Yes, it was that time again! Time for Australia’s kidlit writers to come out to play at last Saturday’s WritingNSW Kids and YA Festival.
It’s hard to believe two years have passed since the last Kids and YA Festival at WritingNSW (you can read my round-up of the last festival here if you’d like your memory jogged.) This year’s event was just as wonderful, with quotes flying left, right and everywhere. Some of you know how much I love a good writing quote, so I thought I’d base this year’s round-up on the best (and quirkiest) quotes I heard.
Here are a few of my favourites from the day:
Jacqueline Harvey, best-selling author of the Alice-Miranda, Clementine Ross, and Kensy and Max series (with me in left pic), on how to have a best-selling series – “Fall in love with your characters and have great plots. Don’t dumb plots down; they can be complicated.”
And Jacqueline doing a little cheeky name-dropping – “Marcus Zusak (author of the best-seller, The Book Thief) told me to think of the obvious and do the opposite.”
Belinda Murrell, author of the Lulu Bell, Timeslip, and Pippa’s Island series (with me in pic below), gave some cold hard facts – “In 60% of kid’s books, males are the central character. 20% had no girls who speak.” And if that’s not disturbing enough, Belinda (who was also Festival Director) added that, “Boys speak twice as often in books as girls do.” Gender bias rears its ugly head again…
But on a lighter note from Belinda: “You must back your protagonist. And include yummy food.” 🙂
Which led us to hilarious comedy writer, Oliver Phommavanh (in right pic). When asked what he wanted to be when he grew up – “A dinosaur.” 🙂
Yvette Poshoglian, author of the Ella and Olivia series, on growing that thick skin – “You never get the words to the page without critical feedback. Sometimes you just have to back yourself as a writer.”
Then there was writer, publisher and educational consultant, Louise Park – “Education publishing is a good way to get published. And it’s usually a flat fee so you know what (and how much) you’ll be paid.”
And YA writer, Megan Jacobson – “We do teen readers a disservice by not writing about the dark issues.”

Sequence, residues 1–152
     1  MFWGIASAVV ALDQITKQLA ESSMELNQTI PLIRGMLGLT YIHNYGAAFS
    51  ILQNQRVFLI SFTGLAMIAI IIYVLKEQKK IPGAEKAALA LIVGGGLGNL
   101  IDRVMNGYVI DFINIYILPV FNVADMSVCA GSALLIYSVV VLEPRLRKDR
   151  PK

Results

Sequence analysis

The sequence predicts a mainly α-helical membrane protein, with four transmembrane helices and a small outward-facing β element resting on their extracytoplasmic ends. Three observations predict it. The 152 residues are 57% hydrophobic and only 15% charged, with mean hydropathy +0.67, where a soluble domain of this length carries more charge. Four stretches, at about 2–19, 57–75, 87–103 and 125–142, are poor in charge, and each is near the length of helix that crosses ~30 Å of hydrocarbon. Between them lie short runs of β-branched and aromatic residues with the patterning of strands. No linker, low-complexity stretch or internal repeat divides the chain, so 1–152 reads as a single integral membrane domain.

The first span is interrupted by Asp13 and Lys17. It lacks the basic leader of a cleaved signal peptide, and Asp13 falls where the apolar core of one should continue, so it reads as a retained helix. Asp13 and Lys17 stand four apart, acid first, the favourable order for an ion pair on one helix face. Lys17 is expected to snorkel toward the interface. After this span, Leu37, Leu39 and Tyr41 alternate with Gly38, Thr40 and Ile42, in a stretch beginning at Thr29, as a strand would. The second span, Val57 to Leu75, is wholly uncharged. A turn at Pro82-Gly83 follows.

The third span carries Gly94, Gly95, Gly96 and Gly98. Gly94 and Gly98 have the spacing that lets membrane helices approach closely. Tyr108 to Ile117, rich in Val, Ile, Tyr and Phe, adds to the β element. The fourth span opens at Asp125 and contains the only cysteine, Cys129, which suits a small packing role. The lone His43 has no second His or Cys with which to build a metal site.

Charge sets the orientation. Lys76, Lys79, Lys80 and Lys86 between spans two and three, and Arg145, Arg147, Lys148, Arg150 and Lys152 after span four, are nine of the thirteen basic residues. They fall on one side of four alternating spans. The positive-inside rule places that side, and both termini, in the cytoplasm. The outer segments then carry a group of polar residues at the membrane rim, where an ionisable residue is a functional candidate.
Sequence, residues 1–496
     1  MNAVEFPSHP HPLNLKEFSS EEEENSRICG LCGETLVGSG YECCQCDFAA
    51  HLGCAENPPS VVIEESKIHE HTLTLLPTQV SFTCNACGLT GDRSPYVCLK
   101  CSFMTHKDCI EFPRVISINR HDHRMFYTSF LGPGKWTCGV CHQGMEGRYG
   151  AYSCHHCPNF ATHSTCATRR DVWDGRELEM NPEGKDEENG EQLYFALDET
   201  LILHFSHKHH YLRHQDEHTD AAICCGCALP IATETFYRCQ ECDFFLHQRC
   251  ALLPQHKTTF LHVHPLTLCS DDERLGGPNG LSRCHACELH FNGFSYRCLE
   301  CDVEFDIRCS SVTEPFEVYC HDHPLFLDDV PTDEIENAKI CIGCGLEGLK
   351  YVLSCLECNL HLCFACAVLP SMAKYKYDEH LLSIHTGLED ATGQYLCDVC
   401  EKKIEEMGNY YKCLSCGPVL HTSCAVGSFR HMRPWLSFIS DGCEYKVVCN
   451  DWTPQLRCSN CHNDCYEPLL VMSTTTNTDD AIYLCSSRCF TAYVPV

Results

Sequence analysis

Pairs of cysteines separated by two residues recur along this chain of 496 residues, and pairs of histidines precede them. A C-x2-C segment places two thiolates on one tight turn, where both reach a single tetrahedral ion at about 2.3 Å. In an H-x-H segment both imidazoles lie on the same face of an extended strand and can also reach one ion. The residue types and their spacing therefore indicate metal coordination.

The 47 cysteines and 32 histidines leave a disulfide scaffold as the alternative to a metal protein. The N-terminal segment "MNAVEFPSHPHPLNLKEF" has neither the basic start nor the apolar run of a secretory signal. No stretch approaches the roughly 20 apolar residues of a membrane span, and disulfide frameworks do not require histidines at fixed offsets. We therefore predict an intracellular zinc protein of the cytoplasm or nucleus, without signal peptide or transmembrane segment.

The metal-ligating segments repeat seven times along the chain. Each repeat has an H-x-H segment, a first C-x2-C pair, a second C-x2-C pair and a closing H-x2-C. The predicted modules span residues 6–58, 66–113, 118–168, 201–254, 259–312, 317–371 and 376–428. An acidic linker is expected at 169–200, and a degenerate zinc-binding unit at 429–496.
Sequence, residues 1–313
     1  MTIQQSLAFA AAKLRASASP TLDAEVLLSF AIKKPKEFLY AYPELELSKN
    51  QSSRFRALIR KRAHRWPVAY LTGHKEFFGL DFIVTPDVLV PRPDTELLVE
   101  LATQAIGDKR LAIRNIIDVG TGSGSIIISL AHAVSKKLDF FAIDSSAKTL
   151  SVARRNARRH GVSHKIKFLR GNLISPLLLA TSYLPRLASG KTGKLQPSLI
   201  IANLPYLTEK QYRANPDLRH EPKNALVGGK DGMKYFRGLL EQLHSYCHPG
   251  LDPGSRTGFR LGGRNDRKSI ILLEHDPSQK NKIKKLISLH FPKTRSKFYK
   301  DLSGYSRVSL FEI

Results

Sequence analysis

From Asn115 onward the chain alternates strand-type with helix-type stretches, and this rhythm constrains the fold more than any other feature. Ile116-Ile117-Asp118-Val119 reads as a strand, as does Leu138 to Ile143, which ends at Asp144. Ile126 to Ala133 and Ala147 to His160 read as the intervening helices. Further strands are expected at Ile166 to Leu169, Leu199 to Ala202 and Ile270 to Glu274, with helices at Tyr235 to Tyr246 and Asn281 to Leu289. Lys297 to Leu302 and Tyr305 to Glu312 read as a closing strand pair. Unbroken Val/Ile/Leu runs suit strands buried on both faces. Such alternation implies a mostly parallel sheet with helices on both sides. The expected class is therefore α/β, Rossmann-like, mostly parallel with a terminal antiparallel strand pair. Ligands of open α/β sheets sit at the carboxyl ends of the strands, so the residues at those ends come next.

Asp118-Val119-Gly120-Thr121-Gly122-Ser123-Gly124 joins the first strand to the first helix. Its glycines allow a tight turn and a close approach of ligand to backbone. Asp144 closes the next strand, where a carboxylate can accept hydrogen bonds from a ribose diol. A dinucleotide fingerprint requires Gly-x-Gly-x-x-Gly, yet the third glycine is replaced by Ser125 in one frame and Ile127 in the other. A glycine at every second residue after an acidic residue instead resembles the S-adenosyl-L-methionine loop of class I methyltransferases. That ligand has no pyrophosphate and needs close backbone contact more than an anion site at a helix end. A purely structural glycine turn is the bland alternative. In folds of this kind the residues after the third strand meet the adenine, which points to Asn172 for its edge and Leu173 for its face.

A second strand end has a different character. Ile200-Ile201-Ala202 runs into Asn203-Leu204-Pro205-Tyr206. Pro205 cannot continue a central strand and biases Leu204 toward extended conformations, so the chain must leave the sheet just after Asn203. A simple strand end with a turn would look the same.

As well as YA debut author, Eleni Hale – “Imagination is something we don’t talk about enough.”
And novelist and critic, James Bradley – “All writing is about vulnerability.”
Before we came to Aussie fantasy writing legend, Garth Nix (in left pic). Garth on writing voices – “I’m often asked how I write women’s perspectives but never asked how I write the voices of fantastical monsters.”
And Garth on writing fantasy – “When I start out trying to work contemporary realism, something creepy always happens…and once I draw the map, it’s all over.”
Then there was Kate Forsyth, Australia’s historical fiction queen (in right pic), on the business of writing – “An author needs to be the engine of their own success.”
And Jaclyn Moriarty (yes, one of those Moriarty sisters) on writing rules – “You often read rules about writing, like ‘write every day’, which makes me feel insecure, because I don’t.”
The very funny R.A.Spratt on earning a writing income – “Being a children’s author is like being a nun…you get no money and you’re basically doing it out of the goodness of your heart.” 😉
As multi-media creative, Graham Davidson, noted – “This is the age of digital disruption, after all.”
So what entices the reluctant reader? What drags kids away from their gadgets and devices?
Of the Top Ten children’s books sold in Australia last year , nine were humorous (all with male authors). The other was fantasy (with a female author). Go figure.
And the quote to end all quotes must come from Belinda Murrell: “I met my publisher in a pub”. Yes, people, it can be done…
On that note, until next time,
Happy writing, 🙂